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Affect before Spinoza: Reformed Faith, Affectus, and Experience in Jean Calvin, John Donne, John Milton and Baruch Spinoza

dc.contributor.advisor Khanna, Ranjana
dc.contributor.advisor Shannon, Laurie
dc.contributor.author Leo, Russell Joseph
dc.date.accessioned 2009-08-27T18:39:57Z
dc.date.available 2011-08-27T04:30:07Z
dc.date.issued 2009
dc.identifier.uri https://hdl.handle.net/10161/1356
dc.description.abstract <p>Affects are not reducible to feelings or emotions. On the contrary, Affect Before </p><p>Spinoza investigates the extent to which affects exceed, reconfigure and reorganize </p><p>bodies and subjects. Affects are constitutive of and integral to dynamic economies of </p><p>activity and passivity. This dissertation traces the origins and histories of this definition </p><p>of affect, from the Latin affectus, discovering emergent affective approaches to faith, </p><p>devotional poetry and philosophy in early modernity. For early modern believers across </p><p>confessions, faith was neither reducible to a dry intellectual concern nor to a personal, </p><p>emotional appeal to God. Instead, faith was a transformative relation between humans </p><p>and God, realized in affective terms that, in turn, reconfigured theories of human agency </p><p>and activity. Beginning with John Calvin and continuing through the work of John </p><p>Donne, John Milton, and Baruch Spinoza, Affect Before Spinoza posits affectus as a basis </p><p>of faith in an emergent Reformed tradition as well as a term that informs disparate </p><p>developments in poetry and philosophy beyond Reformed Orthodoxy. Calvin's </p><p>configuration of affect turns existing languages of the passions and of rhetorical motives </p><p>towards an understanding of faith and certainty. In this sense, Calvin, Donne, Spinoza </p><p>and Milton use affectus to pose questions of agency, will, tendency, inclination, and </p><p>determinism.</p>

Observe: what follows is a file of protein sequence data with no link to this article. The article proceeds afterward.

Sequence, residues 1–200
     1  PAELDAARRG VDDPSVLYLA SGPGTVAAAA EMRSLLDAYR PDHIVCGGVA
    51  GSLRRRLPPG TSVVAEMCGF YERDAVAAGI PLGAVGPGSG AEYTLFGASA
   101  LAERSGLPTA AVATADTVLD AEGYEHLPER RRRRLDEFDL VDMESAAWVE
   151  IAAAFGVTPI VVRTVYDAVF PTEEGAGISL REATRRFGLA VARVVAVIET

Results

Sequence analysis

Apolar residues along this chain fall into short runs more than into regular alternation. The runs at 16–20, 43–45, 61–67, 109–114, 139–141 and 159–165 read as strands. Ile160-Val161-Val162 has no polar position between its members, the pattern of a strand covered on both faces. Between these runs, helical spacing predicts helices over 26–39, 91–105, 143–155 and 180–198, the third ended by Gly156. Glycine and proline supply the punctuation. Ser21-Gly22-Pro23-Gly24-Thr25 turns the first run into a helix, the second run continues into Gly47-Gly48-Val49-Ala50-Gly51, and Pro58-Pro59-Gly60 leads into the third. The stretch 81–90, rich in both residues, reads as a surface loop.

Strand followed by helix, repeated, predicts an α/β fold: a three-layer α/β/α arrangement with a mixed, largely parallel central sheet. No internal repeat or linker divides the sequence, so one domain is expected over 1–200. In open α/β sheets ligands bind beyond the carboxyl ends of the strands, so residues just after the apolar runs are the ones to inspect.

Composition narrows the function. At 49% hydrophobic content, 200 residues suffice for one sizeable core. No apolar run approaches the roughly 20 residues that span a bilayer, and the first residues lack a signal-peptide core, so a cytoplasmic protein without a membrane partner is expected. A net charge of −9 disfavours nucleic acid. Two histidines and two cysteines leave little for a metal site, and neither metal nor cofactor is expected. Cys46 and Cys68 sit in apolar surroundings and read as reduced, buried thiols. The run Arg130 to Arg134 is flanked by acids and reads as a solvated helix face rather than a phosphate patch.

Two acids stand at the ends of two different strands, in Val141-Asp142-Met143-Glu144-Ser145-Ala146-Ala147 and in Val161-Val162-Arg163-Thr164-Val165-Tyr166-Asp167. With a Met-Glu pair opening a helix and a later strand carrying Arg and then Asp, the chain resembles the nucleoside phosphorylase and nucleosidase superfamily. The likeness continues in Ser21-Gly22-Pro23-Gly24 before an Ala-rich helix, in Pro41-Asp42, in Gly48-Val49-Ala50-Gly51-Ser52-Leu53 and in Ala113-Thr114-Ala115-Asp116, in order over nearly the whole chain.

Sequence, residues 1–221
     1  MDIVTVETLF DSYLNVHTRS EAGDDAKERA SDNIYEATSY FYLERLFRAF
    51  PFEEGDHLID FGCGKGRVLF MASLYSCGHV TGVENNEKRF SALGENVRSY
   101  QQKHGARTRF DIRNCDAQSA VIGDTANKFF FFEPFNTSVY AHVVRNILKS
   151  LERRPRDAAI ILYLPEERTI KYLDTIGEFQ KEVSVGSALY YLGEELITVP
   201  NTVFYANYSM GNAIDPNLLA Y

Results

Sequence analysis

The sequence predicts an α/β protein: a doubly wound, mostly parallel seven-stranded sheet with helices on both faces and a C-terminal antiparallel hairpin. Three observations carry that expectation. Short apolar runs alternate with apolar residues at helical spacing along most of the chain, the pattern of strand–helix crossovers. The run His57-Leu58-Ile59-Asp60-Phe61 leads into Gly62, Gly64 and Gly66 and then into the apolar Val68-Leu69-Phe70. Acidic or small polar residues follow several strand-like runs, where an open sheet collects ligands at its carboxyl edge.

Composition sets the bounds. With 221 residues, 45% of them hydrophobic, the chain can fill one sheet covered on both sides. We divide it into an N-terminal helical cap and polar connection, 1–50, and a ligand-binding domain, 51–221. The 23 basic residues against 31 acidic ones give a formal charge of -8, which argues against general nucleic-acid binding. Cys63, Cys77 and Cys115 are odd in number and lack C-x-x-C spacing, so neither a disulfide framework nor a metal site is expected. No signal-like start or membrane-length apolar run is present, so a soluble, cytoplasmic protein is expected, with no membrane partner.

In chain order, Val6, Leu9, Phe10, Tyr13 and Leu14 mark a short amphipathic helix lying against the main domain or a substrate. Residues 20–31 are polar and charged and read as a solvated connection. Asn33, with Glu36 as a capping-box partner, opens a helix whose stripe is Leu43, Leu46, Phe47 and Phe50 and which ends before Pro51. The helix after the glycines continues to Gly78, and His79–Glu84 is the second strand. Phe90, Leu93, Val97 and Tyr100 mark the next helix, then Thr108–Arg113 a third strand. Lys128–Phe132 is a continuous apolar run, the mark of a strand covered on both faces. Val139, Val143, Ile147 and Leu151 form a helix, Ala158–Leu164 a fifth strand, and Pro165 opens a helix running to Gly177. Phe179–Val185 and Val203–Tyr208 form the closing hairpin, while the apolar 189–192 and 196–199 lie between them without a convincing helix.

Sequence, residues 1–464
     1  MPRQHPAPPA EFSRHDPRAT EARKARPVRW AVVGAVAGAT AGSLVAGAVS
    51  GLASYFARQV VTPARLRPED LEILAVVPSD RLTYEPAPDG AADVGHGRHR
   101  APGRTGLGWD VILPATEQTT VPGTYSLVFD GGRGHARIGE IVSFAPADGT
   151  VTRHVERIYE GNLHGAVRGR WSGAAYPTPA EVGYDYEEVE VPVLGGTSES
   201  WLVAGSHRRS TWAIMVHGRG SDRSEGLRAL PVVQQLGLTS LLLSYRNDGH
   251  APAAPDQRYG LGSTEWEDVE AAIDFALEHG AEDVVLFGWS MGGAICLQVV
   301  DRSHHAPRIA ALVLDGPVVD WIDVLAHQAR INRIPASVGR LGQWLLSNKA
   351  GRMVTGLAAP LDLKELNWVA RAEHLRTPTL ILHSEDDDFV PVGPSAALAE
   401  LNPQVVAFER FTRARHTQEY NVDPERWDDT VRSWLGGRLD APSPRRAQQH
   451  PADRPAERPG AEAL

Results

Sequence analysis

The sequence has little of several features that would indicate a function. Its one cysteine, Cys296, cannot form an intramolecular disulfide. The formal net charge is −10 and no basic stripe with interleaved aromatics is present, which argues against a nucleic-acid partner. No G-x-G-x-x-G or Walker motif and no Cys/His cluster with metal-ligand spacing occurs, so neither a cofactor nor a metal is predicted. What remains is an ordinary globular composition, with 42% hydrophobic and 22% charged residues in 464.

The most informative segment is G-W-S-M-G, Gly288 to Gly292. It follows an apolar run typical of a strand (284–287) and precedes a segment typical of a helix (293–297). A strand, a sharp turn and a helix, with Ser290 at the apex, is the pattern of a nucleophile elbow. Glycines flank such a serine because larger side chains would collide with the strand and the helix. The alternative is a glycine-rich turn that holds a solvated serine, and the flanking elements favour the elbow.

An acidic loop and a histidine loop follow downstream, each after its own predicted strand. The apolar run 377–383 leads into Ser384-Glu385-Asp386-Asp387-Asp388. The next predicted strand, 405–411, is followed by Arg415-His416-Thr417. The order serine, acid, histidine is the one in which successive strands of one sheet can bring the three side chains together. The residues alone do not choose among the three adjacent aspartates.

dc.format.extent 23734998 bytes
dc.format.mimetype application/pdf
dc.language.iso en_US
dc.subject Literature, Comparative
dc.subject Philosophy
dc.subject Religion, History of
dc.subject Affect
dc.subject Calvin
dc.subject Donne
dc.subject Milton
dc.subject Reformation
dc.subject Spinoza
dc.title Affect before Spinoza: Reformed Faith, Affectus, and Experience in Jean Calvin, John Donne, John Milton and Baruch Spinoza
dc.type Dissertation
dc.department Literature
duke.embargo.months 24


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